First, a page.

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I hate that I love killing people in video games

Maybe video games don’t cause violence. Perhaps they’re a way to teach nonviolence.


Dennis Scimeca

Internet Culture

Grand Theft Auto V presents a virtual universe that is so complete in the illusion it weaves, I’ve started to wonder whether killing people in GTA V says anything about me.

That’s the kind of sentiment I’ve been reticent to admit for years, mostly over the long-running narrative about whether violent video games cause violent behavior. The idea has been disproven enough that I’m willing to look at a game like Grand Theft Auto V, which creates such a compelling, virtual reality for me to play in, as an experimental lab in which I investigate my virtual behavior.

I only bought into the idea for the first time, however, when I caught myself laughing over a blood splatter on the hood of a white car.

I had no appreciation for death until I lost my first cat. His name was Gabriel. I remember looking into Gabriel’s eyes while the vet pressed a plunger on a needle, and I said goodbye. I’ve since looked into the eyes of three other feline friends and watched the light go out of them, while I stroked their heads and told them I hope we’ll see each other again, some day.

The only human being I’ve ever lost who meant that much to me was my maternal grandmother, and I will always regret not having taken the time to record her life story on the digital recorder I use for interviews. Or going home the moment I heard from my father that—after grandma had been in the hospital for a week or so—she could go at any time. He told me to stay home, that there was nothing I could do. Maybe I could have had a chance to say goodbye, though.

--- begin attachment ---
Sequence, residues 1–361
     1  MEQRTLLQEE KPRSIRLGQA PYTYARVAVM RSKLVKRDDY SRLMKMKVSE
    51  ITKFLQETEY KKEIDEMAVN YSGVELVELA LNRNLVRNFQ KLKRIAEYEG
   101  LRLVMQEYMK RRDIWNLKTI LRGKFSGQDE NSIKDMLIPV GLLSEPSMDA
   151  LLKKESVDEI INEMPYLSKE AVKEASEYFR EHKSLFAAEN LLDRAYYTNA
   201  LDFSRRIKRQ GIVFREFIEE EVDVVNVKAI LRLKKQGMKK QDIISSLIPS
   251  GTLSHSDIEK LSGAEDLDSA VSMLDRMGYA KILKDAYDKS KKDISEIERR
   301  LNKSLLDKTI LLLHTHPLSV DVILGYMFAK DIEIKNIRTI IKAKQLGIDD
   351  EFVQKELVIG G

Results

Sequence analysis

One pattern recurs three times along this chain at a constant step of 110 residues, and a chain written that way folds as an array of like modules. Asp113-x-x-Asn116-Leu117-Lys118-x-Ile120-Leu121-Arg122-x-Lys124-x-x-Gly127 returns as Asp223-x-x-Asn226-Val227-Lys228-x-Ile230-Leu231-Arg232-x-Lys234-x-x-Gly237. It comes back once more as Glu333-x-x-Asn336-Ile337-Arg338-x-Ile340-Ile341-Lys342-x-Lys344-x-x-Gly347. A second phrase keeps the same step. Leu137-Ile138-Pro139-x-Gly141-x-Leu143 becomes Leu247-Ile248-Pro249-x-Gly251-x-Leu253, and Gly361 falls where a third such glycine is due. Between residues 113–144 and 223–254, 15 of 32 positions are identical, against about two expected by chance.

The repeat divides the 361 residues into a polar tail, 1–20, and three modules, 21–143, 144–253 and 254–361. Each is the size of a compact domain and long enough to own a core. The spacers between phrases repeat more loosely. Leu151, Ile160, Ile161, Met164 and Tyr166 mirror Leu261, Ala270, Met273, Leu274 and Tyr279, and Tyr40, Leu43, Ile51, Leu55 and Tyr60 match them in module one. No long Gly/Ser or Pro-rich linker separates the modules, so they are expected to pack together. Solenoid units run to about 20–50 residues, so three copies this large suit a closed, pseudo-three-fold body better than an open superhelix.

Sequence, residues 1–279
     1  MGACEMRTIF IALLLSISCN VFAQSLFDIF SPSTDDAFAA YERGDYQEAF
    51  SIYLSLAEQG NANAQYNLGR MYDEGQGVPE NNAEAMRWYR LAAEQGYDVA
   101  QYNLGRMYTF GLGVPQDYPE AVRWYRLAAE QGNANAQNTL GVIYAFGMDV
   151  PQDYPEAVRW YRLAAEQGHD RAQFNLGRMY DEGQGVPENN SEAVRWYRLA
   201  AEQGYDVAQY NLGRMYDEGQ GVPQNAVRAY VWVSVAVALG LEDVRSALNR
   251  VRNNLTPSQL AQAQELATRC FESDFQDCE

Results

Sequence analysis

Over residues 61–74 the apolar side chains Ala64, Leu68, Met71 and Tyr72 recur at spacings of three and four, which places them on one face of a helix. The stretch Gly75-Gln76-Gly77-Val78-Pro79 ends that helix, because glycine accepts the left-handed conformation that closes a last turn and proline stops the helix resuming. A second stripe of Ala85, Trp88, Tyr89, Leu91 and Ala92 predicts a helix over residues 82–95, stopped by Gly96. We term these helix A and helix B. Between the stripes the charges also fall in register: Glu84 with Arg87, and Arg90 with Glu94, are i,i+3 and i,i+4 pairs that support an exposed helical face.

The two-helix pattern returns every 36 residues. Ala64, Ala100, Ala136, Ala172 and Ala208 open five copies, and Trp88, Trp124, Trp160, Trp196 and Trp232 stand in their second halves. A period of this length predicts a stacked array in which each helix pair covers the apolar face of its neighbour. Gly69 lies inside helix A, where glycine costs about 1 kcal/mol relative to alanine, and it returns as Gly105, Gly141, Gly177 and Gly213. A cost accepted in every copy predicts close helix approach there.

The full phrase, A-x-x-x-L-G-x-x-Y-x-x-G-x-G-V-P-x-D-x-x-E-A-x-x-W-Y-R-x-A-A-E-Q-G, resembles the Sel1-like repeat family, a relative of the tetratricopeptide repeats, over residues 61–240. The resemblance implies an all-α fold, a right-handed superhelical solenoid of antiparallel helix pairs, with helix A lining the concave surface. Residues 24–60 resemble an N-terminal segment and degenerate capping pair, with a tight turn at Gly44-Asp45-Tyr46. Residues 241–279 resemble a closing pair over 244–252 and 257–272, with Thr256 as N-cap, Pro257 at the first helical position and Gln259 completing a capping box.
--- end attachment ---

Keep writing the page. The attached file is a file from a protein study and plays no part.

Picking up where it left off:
I have an understanding of death, and it’s changed the way I play video games. I have gone into emotional revolt while playing a video game on two separate occasions over the past three months. The first time was while playing The Walking Dead: Season Two. When I had to choose between issuing a virtual death sentence to a character I cared about or putting an infant’s life in jeopardy, I quit the game. I have not gone back since.

When I played This War Of Mine, a game about the civilian experience of war, I refused sanctuary to people who were sick or starving. I denied assistance to a woman who was afraid of being raped. I made these decisions out of self-preservation for my group of survivors. I bailed on the game, because I couldn’t stand thinking about the horrible repercussions of my decisions, even if the experience was entirely virtual.

Most of the innocent people in GTA V are like satirical performance art, three-dimensional walking and talking mockeries of the kind of sick consumer and fame-obsessed values prevalent in American culture. But the way I came to judging the nature of my decisions in GTA V wasn’t through caring about these innocents. It was through caring about a character I portrayed in part through my actions.

Franklin is one of the three main characters in GTA V. He’s a former street soldier in a Los Santos gang who wants to graduate to bigger and better things, like bank heists. He’s undeniably a criminal, but he is never depicted in cutaway scenes as bloodthirsty or sociopathic. He genuinely cares about his friends. When I played GTA V the first time on the Xbox 360 I never killed innocents when I played as Franklin. It felt out of character and wrong.